Discussions between the APO and NCDC continued for months but made little progress from APO’s point of view. NCDC was adamant that the restaurant floor should be eliminated from the proposal. APO then took its tower proposal to Cabinet in October 1971. Cabinet endorsed the technical aspects of the proposal and approved development to the stage where the proposal could be presented to the Public Works Committee.
In March 1972, NCDC issued a public statement outlining its opposition to the provision of visitor facilities and its belief that the 195 metre tower should be reduced to a structure that housed only technical facilities for TV, radio and telecommunications. The NCDC decision to issue a statement had been prompted by concern expressed by organisations and individuals about the impact of the tower on the environment of the Black Mountain Nature Reserve and its being out of scale with the setting for the National area.
The Public Works Committee inquiry opened in June 1972. It was an unusually protracted process. Evidence was given in favour of the tower proposal by the Australian Post Office, the Department of Works, the Australian Broadcasting Control Board and the Department of the Interior. The NCDC, private citizens and civic groups opposed the project as submitted.
NCDC proposed a number of design alternatives including a co-masted TV metal tower on Black Mountain and a separate RT tower at Mitchell which could also incorporate visitor facilities. NCDC maintained that the Mitchell site would provide an additional visitor facility instead of replacing one with another, had a much greater level of accessibility than Black Mountain, avoided conservation problems and would be much simpler to develop and manage. The Black Mountain co-masted TV facility could then be of simple, light-weight prefabricated steel construction of minimum mass, bulk and profile.
The Public Works Committee, however, in August 1972 recommended to Parliament that the APO’s tower proposal should be constructed.
The Prime Minister, Mr McMahon, decided that the project should be examined by his Ministers before being debated in Parliament. APO submitted a second Cabinet submission and Cabinet endorsed the project in September 1972. The House of Representatives approved the project in October 1972 but Parliament was dissolved for the general elections before the debate in the Senate was finished.
A Labor Government headed by Mr Whitlam was elected in December 1972 and in accordance with the new Government’s policy on the environment, the Minister for Environment, Housing and Construction sought submission of an Environmental Impact Statement on the project before construction could commence.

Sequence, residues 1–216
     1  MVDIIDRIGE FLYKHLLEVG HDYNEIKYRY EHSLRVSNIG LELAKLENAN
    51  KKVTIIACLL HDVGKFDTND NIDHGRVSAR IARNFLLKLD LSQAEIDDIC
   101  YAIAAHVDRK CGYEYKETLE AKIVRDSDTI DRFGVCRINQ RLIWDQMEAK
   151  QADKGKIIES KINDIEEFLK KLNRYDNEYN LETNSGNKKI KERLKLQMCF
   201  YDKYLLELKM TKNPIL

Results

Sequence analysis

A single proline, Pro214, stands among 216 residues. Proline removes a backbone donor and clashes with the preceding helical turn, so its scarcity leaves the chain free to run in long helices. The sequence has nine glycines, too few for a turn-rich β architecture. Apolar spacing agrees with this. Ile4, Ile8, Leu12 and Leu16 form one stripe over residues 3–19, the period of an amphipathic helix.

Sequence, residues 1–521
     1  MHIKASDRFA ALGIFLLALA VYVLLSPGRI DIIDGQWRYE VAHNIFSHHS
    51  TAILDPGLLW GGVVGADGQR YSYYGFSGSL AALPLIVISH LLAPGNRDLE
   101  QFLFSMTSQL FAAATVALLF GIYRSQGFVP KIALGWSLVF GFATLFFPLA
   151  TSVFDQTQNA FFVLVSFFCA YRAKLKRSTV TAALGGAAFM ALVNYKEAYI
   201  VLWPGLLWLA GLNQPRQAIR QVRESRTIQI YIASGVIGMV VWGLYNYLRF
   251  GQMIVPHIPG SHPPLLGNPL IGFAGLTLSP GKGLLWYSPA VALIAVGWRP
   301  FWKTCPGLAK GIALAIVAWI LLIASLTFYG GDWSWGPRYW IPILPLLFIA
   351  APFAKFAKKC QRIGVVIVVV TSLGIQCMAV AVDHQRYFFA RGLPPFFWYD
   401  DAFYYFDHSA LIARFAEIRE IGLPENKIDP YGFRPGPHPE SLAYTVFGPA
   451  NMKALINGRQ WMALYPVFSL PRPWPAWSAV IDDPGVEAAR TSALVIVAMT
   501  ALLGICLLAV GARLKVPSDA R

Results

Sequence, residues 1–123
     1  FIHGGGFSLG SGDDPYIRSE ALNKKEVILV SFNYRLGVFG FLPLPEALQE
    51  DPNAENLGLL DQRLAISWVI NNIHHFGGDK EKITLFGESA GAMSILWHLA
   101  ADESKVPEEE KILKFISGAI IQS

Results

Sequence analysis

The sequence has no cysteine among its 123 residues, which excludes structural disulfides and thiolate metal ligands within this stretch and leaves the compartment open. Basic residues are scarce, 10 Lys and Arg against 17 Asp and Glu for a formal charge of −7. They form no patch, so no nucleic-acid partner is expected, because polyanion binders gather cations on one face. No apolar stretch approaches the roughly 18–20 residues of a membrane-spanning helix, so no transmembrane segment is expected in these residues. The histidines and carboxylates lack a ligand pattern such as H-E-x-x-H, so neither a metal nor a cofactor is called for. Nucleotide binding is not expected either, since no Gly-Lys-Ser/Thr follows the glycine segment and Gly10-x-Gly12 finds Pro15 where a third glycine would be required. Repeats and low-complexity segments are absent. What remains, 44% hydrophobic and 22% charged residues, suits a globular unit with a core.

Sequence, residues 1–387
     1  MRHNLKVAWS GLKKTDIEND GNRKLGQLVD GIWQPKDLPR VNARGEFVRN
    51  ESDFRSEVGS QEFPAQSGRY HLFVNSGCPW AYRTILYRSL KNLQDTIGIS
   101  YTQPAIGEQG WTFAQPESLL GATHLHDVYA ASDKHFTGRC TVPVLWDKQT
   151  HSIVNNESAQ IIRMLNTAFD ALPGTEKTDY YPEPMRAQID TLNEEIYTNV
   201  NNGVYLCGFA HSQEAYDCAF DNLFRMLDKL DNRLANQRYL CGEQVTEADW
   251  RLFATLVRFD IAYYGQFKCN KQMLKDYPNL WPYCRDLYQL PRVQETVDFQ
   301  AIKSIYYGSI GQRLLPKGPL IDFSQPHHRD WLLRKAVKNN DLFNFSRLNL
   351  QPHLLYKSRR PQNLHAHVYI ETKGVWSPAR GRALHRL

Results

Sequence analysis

The Environmental Impact Statement was prepared by APO and released to the public by the Minister for Environment and Conservation on 28 February 1973. The EIS attracted strong criticism from opponents of the tower, much of which, in retrospect, was justified and might be expected of a maiden effort produced in a very short time.
Meanwhile, tenders for construction of the tower had been called in January.
A protest meeting was called on 11 March and attended by 700 people at the Australian National University whose site is below Black Mountain. The meeting formed a ‘Committee of Citizens to Save Black Mountain’ which immediately began to lobby the Government to postpone construction of the tower until after the EIS had been independently assessed.
On 21 May 1973, Cabinet approved construction of the tower. Opponents of the project then called a lunch-time meeting on the lawns in front of Parliament House and attended by about 1,000 people.
On 6 June, a letter of acceptance was issued by the Department of Housing and Construction(formerly Works) to Concrete Constructions (Canberra) Pty Ltd to construct the tower.
A few weeks later the Attorney-General advised the Postmaster-General that a group of fourteen prominent Canberra citizens had sought his fiat to an action to challenge the power of the Government to construct the tower. The fiat was granted on 4 July 1973. It granted institution of proceedings on behalf of the Committee to Save Black Mountain to seek an injunction restraining construction of the tower on three grounds:
APO and the concerned citizens were subsequently involved in twenty months of legal proceedings, unprecedented in Australia.